So I think Murtaugh deserves a spot in Cooperstown. With his two World Series wins, I think he deserves it over Cox.

The Apotheosis of Bobby Cox

October 15, 2010

So we now say good-bye to Bobby Cox and watch him ride off into the sunset (or the cruise the announcers made such a fuss about). He’s certainly going to the Hall of Fame shortly, and that’s probably fair. He’s also been deified in the last several months. It’s as if baseball was putting up a Managerial Mount Rushmore and Cox was one of the four faces to go there. Maybe he should. Then again maybe he shouldn’t.

No knock on Cox, but I’m not sure how you quantify a great manager. You can’t just look at won-loss records, because Connie Mack ended up with a career losing record and I don’t know anybody who doesn’t think he belongs in Cooperstown. It can’t be titles because Tom Kelly and Danny Murtaugh aren’t Hall of Famers and they have the same number of titles as Tom LaSorda and Bucky Harris (2) and more than Whitey Herzog (1). Is it taking a bad team and winning with it? Nope, can’t be that either because Casey Stengel couldn’t make either Brooklyn or Boston (the Braves not the Red Sox) into competitive teams (not to mention what happened with the Mets) and everybody agrees he’s a Hall of Famer because of his Yankees years.  If it’s taking a bad team and making them contenders, then where’s Gene Mauch who had a habit of doing just that? And Cox? well, he’s got a lot of division championships, but only one World Series title, same as Herzog and less than Kelly or Murtaugh. I wonder if that makes him a lesser manager or not.

I’m very serious about this. I have no idea how you determine a great manager. I’m tempted to say that Stengel and Joe McCarthy were the greatest. They each won the World Series seven times, but how hard was it to write “Ruth” and “Gehrig” into McCarthy’s early lineup, then replace Ruth with “DiMaggio”? And it must have been tough as Stengel agonized about “did I do the right thing” when he wrote in “Mantle” or “Berra.” Great talent like that makes looking like a great manager easy. And as this post was started by referencing Cox, how tough was it to write in “Maddux”, “Glavine”, “Smoltz” three out of every five days? Geez, even I might win a few games with those three rosters.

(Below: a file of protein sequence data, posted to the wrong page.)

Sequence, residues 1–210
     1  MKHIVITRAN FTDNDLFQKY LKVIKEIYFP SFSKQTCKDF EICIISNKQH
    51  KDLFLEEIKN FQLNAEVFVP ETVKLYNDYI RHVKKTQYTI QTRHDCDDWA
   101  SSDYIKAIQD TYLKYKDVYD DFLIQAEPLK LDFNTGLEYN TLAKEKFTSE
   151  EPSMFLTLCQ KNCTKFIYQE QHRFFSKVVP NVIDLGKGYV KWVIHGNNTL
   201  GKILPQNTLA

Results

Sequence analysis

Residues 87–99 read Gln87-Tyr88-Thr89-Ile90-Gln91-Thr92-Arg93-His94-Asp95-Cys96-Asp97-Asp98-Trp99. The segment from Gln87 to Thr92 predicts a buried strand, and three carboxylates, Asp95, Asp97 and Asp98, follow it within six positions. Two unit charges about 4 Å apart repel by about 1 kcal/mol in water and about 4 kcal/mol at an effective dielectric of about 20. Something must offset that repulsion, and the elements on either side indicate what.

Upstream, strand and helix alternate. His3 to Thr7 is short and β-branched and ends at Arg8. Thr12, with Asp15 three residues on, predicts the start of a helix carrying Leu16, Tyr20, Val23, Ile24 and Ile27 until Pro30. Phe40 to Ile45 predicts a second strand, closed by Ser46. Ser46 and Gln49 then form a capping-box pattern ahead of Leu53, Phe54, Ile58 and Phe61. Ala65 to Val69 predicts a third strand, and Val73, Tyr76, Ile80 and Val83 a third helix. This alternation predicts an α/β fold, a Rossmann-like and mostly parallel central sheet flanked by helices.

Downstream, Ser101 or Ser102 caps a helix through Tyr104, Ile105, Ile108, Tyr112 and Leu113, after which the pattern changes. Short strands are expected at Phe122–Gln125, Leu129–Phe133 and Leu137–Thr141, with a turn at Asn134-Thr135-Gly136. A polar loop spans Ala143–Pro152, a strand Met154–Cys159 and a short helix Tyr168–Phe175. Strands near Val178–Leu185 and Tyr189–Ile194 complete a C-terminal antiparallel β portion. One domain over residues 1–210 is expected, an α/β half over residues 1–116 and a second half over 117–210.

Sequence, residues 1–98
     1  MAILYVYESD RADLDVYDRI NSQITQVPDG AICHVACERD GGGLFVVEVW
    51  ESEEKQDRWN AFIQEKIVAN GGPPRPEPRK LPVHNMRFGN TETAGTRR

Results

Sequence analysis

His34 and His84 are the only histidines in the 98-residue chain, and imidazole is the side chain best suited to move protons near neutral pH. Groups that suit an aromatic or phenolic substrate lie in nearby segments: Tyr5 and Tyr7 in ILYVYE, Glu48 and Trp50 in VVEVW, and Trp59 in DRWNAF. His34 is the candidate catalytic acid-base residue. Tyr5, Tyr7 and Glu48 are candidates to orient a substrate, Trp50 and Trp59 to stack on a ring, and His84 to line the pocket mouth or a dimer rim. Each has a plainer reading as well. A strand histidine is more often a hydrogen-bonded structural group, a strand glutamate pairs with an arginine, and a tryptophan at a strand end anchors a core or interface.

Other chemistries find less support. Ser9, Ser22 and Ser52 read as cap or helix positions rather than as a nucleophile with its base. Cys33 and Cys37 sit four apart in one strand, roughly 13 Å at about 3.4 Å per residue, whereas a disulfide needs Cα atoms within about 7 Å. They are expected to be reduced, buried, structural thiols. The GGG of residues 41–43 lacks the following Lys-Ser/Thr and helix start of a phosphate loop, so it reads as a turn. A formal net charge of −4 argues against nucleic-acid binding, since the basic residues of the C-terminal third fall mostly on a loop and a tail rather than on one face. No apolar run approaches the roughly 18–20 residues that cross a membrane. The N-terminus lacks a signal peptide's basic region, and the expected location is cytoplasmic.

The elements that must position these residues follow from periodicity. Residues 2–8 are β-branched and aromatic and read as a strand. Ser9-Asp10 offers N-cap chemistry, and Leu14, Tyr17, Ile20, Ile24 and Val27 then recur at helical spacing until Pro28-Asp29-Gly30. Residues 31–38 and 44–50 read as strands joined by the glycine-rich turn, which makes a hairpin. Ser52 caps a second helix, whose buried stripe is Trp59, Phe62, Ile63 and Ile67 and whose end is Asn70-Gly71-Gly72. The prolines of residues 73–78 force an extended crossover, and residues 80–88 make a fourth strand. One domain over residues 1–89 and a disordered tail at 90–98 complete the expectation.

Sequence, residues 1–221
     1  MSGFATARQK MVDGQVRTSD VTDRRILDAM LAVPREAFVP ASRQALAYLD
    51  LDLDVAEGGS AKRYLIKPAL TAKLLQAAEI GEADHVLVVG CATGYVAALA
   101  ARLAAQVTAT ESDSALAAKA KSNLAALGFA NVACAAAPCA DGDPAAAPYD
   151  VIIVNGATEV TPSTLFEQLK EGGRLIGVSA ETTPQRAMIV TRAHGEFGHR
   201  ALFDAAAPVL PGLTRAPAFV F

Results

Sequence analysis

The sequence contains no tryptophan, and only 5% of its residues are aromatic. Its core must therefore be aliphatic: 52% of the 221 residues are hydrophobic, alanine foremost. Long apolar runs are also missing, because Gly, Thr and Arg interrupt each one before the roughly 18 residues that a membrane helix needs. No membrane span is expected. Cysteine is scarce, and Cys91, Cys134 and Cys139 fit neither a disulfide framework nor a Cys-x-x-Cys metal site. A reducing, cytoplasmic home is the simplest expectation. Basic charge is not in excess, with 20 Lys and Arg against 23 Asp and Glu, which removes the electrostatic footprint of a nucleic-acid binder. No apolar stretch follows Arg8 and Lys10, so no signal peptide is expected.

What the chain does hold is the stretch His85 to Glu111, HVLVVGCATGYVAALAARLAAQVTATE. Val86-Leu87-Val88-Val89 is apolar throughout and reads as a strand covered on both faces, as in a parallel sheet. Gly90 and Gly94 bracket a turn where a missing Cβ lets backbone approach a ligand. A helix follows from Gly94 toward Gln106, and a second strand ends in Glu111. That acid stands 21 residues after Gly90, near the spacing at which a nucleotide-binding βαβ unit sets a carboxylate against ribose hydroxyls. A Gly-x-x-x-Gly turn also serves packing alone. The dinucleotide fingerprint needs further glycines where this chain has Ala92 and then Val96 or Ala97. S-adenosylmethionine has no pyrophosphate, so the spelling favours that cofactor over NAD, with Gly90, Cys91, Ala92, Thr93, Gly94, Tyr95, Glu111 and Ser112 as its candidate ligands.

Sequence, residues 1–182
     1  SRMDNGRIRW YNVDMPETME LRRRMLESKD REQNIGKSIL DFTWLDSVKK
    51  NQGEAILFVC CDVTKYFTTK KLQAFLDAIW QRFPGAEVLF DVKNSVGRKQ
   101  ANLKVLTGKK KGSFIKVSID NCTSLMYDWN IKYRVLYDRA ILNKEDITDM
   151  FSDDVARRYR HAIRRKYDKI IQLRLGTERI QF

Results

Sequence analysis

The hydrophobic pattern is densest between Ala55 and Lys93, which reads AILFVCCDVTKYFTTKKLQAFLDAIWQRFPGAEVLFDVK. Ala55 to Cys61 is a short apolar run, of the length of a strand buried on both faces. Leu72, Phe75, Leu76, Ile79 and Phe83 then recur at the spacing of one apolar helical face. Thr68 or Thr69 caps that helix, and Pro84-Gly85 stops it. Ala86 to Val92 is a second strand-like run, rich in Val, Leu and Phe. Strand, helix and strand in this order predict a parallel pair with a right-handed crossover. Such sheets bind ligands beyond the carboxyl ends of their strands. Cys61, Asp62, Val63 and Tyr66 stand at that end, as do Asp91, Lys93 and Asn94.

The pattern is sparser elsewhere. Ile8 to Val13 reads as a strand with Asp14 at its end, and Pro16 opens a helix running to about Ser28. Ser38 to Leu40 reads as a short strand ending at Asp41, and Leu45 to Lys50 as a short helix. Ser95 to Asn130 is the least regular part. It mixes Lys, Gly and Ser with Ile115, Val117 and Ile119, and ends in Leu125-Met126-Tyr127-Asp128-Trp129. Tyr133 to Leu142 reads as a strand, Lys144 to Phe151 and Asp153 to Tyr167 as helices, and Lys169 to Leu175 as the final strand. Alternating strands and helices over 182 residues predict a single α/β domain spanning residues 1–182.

So here’s a serious plea from me to you. Can we figure out how to determine agreat manager before we haphazardly anoint Saint Bobby of Cox? Frankly I think Cox deserves a seat at the great manager table but I don’t really know how we determine that.

My personal choice for the manager’s Mount Rushmore? Based on personal preference rather than true evaluation they would be (alphabetically) John McGraw, Joe McCarthy, Casey Stengel, and Harry Wright (with apologies to Connie Mack).

Adding Managers and Contributors to the Hall of Fame

November 29, 2009

Below I’ve already made known my preference for Marvin Miller in the Hall of Fame. There are a number of others being considered on the December ballot. Some of them ought to be enshrined.

At SportsPhd there’s a good overview of the candidates, so I’ll simply add that I agree with him on managers. Tom Kelly won 2 World Series’ with teams that were underdogs and few legitimate Hall of Fame candidates. Danny Murtaugh did the same thing in the 1960s and 1970s. He had more Hall of Fame players, but he also has the advantage of leaving, seeing the team collapse, and having it revive upon his return. This at least leaves the impression he made a significant difference in the team. I think he did.

Of the contributors I like Colonel Ruppert who gave us the original Yankees dynasties, Howsam who built 2 great teams, and Ewing Kauffman of the Royals. Kauffmann? Well, at least when he was paying the checks the Royals got George Brett, Frank White, and a couple of trips to the World Series (winning in 1985). Once he left the stage, the Royals have collapsed. That ought to be worth remembering.